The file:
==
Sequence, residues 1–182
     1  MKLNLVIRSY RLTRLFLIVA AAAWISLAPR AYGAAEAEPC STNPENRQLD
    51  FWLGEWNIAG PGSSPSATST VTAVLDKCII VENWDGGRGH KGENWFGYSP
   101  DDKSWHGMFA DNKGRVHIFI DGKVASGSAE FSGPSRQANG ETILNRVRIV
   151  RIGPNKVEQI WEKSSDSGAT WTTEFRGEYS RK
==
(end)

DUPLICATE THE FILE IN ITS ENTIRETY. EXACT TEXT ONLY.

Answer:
Sequence, residues 1–182
     1  MKLNLVIRSY RLTRLFLIVA AAAWISLAPR AYGAAEAEPC STNPENRQLD
    51  FWLGEWNIAG PGSSPSATST VTAVLDKCII VENWDGGRGH KGENWFGYSP
   101  DDKSWHGMFA DNKGRVHIFI DGKVASGSAE FSGPSRQANG ETILNRVRIV
   151  RIGPNKVEQI WEKSSDSGAT WTTEFRGEYS RK